Explore this interactive map to learn about some cancers that disproportionately affect poorer countries.


With this interactive map, users can explore cancers that disproportionately affect poorer countries.  How do these spatial distributions correlate with other developmental, consumption or economic patterns?  What surpises you about this data?   


Tags: medical, mapping, spatial.  


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Nathan Chasse's curator insight, March 17, 5:04 PM

The high rates of cancer in the United States and other wealthy countries was not surprising, the high rates of liver cancer in West Africa was. Similarly, the very high rates of liver and stomach cancer in China and Mongolia was shocking since the apparent cause is salty, pickled foods.

 

I imagine 30 years from now the rates of lung cancer will drop off a cliff for the United States, but I wonder if the same would be true for Poland which also has a very high rate of lung cancer.

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What Could Disappear?

What Could Disappear? | Educated | Scoop.it
Coastal and low-lying areas that would be permanently flooded in three levels of higher seas.

 

This interactive feature is designed to answer a simple, yet profound set of questions.  What areas (in over 20 cities around the U.S.) would be under water if the ocean levels rose 5 feet?  12 feet?  25 feet?  The following set of maps show "coastal and low-lying areas that would be permanently flooded without engineered protection." 


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Mary Rack's comment, November 26, 2012 5:03 AM
especially good!
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Trekking the Grand Canyon for Google Maps

Trekking the Grand Canyon for Google Maps | Educated | Scoop.it

The term "street view" in Google Maps is continually getting stretched as the world's oceans, canyons, mountains and even cemeteries are being added to this ever-expanding database. 

 

Tags: Google, mapping, cartography, geospatial, cemetery. 


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Where Does Your Water Come From?

Where Does Your Water Come From? | Educated | Scoop.it

This interactive map documents where 443 million people around the world get there water (although the United States data is by far the most extensive).  Most people can't answer this question.  A recent poll by The Nature Conservancy discoverd that 77% of Americans (not on private well water) don't know where their water comes from, they just drink it.  This link has videos, infographics and suggestions to promote cleaner water.  This is also a fabulous example of an embedded map using ArcGIS Online to share geospatial data with a wider audience.  

 

Tags: GIS, water, fluvial, environment, ESRI, pollution, development, consumption, resources, mapping, environment depend, cartography, geospatial.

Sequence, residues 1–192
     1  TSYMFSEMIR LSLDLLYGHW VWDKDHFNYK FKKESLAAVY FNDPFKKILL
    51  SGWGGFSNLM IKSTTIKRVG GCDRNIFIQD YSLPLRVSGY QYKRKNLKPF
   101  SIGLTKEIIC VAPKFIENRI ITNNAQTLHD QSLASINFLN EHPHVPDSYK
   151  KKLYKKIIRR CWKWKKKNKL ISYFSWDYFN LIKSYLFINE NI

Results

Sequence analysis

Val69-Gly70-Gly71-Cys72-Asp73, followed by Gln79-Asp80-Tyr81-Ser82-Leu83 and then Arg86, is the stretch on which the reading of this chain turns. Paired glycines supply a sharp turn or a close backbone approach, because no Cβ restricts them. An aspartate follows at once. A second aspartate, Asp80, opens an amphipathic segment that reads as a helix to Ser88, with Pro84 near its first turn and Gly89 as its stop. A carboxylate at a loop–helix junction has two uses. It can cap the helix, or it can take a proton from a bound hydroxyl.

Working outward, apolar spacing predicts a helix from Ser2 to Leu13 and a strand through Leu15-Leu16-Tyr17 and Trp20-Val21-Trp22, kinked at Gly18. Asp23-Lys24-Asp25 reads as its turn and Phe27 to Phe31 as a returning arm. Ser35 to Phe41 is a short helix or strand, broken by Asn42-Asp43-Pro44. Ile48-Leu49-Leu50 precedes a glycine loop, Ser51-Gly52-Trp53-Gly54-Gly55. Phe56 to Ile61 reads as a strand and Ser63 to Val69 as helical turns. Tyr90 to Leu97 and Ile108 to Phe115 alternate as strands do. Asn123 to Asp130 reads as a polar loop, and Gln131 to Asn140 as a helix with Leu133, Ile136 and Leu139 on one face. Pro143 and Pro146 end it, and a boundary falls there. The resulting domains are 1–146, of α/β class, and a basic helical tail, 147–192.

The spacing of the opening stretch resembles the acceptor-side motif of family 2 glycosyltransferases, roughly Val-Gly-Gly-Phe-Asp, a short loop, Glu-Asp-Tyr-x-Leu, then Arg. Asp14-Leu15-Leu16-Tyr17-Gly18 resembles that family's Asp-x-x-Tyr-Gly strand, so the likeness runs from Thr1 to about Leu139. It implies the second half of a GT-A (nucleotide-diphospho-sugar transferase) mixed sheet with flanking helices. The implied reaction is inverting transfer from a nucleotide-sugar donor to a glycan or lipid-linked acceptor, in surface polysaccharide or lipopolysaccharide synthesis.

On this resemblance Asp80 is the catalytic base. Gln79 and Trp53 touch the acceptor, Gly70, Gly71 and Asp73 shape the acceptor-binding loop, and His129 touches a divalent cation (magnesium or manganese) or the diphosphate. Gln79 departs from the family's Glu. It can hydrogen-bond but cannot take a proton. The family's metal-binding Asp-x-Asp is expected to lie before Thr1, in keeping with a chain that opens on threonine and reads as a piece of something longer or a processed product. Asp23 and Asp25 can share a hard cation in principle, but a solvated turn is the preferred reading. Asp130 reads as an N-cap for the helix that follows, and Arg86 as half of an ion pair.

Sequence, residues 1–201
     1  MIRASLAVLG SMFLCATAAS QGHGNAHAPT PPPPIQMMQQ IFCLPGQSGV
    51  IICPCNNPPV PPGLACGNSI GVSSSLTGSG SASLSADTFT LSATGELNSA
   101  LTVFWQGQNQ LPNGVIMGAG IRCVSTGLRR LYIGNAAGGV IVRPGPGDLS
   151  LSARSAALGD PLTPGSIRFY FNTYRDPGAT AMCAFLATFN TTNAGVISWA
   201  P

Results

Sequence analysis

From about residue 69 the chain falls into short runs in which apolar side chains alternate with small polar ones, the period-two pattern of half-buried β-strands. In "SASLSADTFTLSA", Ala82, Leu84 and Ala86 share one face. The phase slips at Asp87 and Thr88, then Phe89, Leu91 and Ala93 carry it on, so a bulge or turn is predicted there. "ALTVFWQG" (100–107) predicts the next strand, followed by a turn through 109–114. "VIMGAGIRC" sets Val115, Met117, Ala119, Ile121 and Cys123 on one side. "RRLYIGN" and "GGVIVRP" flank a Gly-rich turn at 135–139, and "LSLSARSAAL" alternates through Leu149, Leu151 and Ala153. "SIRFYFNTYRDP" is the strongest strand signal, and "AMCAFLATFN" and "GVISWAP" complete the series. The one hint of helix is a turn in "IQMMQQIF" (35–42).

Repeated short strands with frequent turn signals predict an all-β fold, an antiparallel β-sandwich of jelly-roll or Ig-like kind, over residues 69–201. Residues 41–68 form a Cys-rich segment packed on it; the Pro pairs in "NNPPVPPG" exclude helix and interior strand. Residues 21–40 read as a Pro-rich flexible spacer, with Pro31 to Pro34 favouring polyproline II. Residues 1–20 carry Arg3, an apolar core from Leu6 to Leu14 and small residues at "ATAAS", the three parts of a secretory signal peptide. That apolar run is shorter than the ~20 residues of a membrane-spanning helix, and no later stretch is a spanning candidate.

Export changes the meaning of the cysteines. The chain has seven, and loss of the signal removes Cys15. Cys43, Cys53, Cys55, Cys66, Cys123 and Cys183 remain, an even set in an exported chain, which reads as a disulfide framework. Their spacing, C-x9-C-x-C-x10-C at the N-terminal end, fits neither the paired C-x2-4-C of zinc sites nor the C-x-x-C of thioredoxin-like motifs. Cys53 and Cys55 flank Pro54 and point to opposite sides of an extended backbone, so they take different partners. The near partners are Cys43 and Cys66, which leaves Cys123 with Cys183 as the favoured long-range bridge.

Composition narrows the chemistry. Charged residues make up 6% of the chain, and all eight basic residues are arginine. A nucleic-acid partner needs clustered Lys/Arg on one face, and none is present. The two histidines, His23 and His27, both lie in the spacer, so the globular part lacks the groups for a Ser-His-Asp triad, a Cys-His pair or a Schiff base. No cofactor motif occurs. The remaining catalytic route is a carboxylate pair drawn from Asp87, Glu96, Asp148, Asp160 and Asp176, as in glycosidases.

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Nic Hardisty's comment, October 15, 2012 6:01 AM
I was definitely unaware of where my drinking water came from. This is nice, user-friendly map... Hopefully it gets updated regularly, as it will be interesting to see how these sources change over time.
Bonnie Bracey Sutton's curator insight, July 1, 2013 12:55 PM

water is a resource we all depend on. Some of my best studies were on local Chesapeake Bay issues.

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Why Map Projections Matter

This is a clip from the TV show West Wing (Season 2-Episode 16) where cartography plays a key role in the plot.  In this episode the fictitious (but still on Facebook) group named "the Organization of Cartographers for Social Justice" is campaigning to have the President officially endorse the Gall-Peters Projection in schools and denounce the Mercator projection.  The argument being that children will grow up thinking some places are not as important because they are minimized by the map projection.  While a bit comical, the cartographic debate is quite informative even if it was designed to appear as though the issue was trivial. 

 

Questions to Ponder:  Why do map projections matter?  Is one global map projection inherently better than the rest?  

 

Tags: Mapping, geospatial, video, visualization. 


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Lydia Blevins's comment, September 13, 2012 3:17 AM
I think it is very important that we start using more accurate maps. In school, the maps we use are so different from how the world actually is. I agree that children will grow up thinking some places are less important because they are minimized by the map projection.
Greg Atkinson's comment, October 10, 2012 9:31 AM
Great clip. I use it in my WRG class as a comedic introduction to the power of projection.
Mary Patrick Schoettinger's curator insight, December 18, 2012 12:01 PM

This absolutely the best video clip for SS teachers EVER!